Blast from Your Past - Book 1, Excerpt 7: DJ Burt Sherwood

 Blast from Your Past - Book 1, Excerpt 7: DJ Burt Sherwood

LR note 09/23/23: Burt Sherwood had a rompin’ good time in the early days of Rock Radio broadcasting. Sadly, at the distinguished age of 95, Burt took his affable good humor to Rock & Roll Heaven, Thursday, September 21, 2023. As author of the Blast from Your Past books I had the absolute pleasure of interviewing Burt in 2009. His entertaining stories are part of radio history in book one, Rock & Roll Radio DJs: The First Five Years (1954-1959) and two, The Swinging Sixties.]

Partial look at Burt Sherwood’s Rockin’ Radio career … he didn’t start out in popular music, but by late 1950s, WMCA/New York coaxed him in to their burgeoning new music format to be one of their "Good Guys." When talking about Rock Radio history, not many think of political intrigue … read on …

 How did I get here?!

Burt and Anne began their married life honeymooning in Miami. But WMCA apparently thought that 24/7 was not just for emergency personnel (remember those days?). “The station always wanted to know where you were,” said Burt.

“We’d only been in Miami two nights when I got a call. ‘Go grab a tape recorder from WFUN and go to the airport; you’re on a six o’clock plane to Havana.’ I said, I don’t have money for that, and what do I do with Anne? ‘It’s all taken care of—all paid for. Take her with you!’”

Now ladies, whether you’re old or young … be honest … although twelve miles of fine white beach sand is enticing, was or is, Cuba top on your list of honeymoon destinations? Away they flew—next stop, Varadero Beach, Cuba.

Fidel Castro was not a satirized political puppet in January, 1959. Considered a ruthless activist in the first years of the decade, his relentless efforts to oust the troubled country’s “provisional president,” General Fulgencio Batista, proved victorious. He rolled into Havana on January 8th as Commander-in-Chief of Cuba’s Armed Forces.

Hardly a fitting setting, you’d think, for a young American couple’s honeymoon. But Cuba’s casinos (built by American “controlled interests”) were a popular playground and just weeks earlier, The US and Batista’s Cuba had enjoyed a congenial relationship. Nothing to worry about, right? Talk about walking into a hornet’s nest.

“I get off [the plane], and a guy has a gun pointed at everyone getting off the plane. And like a big fool, I went over to the water fountain, and drank two sips of the water—I was thirsty! Never drink the water …

“Before I got sick, we saw the guards for Castro. They were killing people [yes, literally]. We talked with somebody for five minutes, and they’d take them out and shoot them.”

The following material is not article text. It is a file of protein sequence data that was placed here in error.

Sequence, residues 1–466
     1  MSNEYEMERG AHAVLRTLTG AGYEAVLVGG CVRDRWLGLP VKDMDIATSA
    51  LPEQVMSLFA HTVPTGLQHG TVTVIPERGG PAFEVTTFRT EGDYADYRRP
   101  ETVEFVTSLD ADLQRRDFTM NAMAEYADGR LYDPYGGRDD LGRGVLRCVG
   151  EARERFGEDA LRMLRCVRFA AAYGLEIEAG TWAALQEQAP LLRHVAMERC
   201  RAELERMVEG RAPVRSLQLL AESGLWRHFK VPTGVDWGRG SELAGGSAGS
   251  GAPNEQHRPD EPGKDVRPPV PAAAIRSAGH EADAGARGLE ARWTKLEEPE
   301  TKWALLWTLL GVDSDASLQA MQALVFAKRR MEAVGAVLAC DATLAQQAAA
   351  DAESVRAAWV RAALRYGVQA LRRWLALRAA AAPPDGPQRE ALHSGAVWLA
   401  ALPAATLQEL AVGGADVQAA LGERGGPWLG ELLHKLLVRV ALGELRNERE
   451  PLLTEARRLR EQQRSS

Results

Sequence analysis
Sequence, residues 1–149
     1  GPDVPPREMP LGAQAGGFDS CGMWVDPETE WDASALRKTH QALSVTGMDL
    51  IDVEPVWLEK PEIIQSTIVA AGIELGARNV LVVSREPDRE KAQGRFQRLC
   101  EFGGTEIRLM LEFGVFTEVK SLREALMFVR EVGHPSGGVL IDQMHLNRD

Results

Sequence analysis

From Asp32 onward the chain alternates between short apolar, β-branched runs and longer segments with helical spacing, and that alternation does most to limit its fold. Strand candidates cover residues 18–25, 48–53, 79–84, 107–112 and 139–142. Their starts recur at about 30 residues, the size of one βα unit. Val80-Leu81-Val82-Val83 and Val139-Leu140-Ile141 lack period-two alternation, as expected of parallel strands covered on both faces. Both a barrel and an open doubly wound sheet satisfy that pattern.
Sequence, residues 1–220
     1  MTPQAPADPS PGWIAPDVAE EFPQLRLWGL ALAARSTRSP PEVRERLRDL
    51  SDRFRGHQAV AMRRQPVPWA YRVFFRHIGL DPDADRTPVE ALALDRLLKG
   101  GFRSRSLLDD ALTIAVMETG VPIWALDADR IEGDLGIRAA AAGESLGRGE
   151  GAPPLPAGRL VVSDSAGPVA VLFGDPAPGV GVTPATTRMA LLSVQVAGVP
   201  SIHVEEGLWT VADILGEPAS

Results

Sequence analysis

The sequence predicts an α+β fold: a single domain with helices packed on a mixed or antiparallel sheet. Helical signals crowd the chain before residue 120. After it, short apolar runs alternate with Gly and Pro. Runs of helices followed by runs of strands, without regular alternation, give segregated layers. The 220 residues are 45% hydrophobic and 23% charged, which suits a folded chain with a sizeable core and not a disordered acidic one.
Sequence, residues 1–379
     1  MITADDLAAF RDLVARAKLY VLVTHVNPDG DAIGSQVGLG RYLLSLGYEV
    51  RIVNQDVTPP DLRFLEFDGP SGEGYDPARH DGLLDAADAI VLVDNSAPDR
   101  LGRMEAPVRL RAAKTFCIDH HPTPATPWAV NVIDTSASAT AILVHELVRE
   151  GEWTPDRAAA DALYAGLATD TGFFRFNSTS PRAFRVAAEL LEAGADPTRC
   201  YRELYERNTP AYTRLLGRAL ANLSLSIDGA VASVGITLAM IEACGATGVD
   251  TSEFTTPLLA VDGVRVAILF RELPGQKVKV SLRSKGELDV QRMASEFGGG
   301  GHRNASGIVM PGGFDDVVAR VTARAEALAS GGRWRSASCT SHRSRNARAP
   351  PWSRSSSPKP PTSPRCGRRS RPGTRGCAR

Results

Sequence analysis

If anyone but Burt had said that I’d have written him off as a nutcase. But no sounds of disagreement came from the stalwart Anne—and you know wives will correct their husbands at any opportunity! (Although too critical ends in three divorces, like moi. Heehee.)

For Barry Gray’s news show, WMCA desperately wanted the ratings that history-making leading stories provide. So on his honeymoon, Burt became a field journalist. He spoke a little Spanish and they managed to bypass the guns safely, to settle in for a few days.

“Every night we broadcast back to WMCA and Barry’s show. Don’t know where those tapes are now,” said Burt. Apparently they conveniently disappeared shortly after airing.

When the Cuban government got wind of his broadcasts, reminisced Burt, “I was threatened by a well-known politician, to ‘leave it alone.’ He demanded I give the tapes to him.” Just like in a good spy novel, Burt gave him two blank tapes, and left the next day.

He eventually learned that the Cuban “mission” was a result of his passing acquaintance with Castro’s “26th of July Movement” compadres. The military group, named for Castro’s 1953 failed coup, had visited Barry Gray’s news show in New York recently, making a play for US sympathies, and they remembered Burt. His honeymoon in Miami was fortuitous—for them.

In spite of the brutal drama, Burt insists he and Anne enjoyed the adventure. Before they left Havana, one of the men who had visited New York rapped surreptitiously on their hotel door late one night. Expecting a threat, Burt and Anne were thankfully surprised with a chauffeured tour of Havana rarely seen by Americans.

WMCA’s Program Director, Ruth Meyer,* still says to Burt, “I owe ya two weeks.” (*Ruth Meyer entered Radio Heaven on January 21, 2011.)

Can you believe it?! International political intrigue—and you thought Rock & Roll radio disc jockeys were just a bunch of fun-lovin’ wild ‘n’ crazy guys stuck in a little studio behind a microphone! Didn’t think you’d learn anything serious in Blast from Your Past! did ya?! Dig it some more, when Burt rocks on, into the Sixties.



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